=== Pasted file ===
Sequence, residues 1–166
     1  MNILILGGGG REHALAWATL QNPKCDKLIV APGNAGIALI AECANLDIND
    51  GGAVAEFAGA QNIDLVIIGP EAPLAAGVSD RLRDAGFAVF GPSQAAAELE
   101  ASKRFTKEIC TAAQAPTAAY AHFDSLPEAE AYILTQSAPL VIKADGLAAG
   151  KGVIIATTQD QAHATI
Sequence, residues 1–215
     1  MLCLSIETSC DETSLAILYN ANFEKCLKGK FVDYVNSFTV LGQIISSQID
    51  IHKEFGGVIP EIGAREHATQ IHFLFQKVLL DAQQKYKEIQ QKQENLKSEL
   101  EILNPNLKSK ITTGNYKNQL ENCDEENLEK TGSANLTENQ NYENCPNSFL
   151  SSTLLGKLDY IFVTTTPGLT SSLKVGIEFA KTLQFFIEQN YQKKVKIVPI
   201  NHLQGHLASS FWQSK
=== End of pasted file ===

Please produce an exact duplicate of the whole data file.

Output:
Sequence, residues 1–166
     1  MNILILGGGG REHALAWATL QNPKCDKLIV APGNAGIALI AECANLDIND
    51  GGAVAEFAGA QNIDLVIIGP EAPLAAGVSD RLRDAGFAVF GPSQAAAELE
   101  ASKRFTKEIC TAAQAPTAAY AHFDSLPEAE AYILTQSAPL VIKADGLAAG
   151  KGVIIATTQD QAHATI
Sequence, residues 1–215
     1  MLCLSIETSC DETSLAILYN ANFEKCLKGK FVDYVNSFTV LGQIISSQID
    51  IHKEFGGVIP EIGAREHATQ IHFLFQKVLL DAQQKYKEIQ QKQENLKSEL
   101  EILNPNLKSK ITTGNYKNQL ENCDEENLEK TGSANLTENQ NYENCPNSFL
   151  SSTLLGKLDY IFVTTTPGLT SSLKVGIEFA KTLQFFIEQN YQKKVKIVPI
   201  NHLQGHLASS FWQSK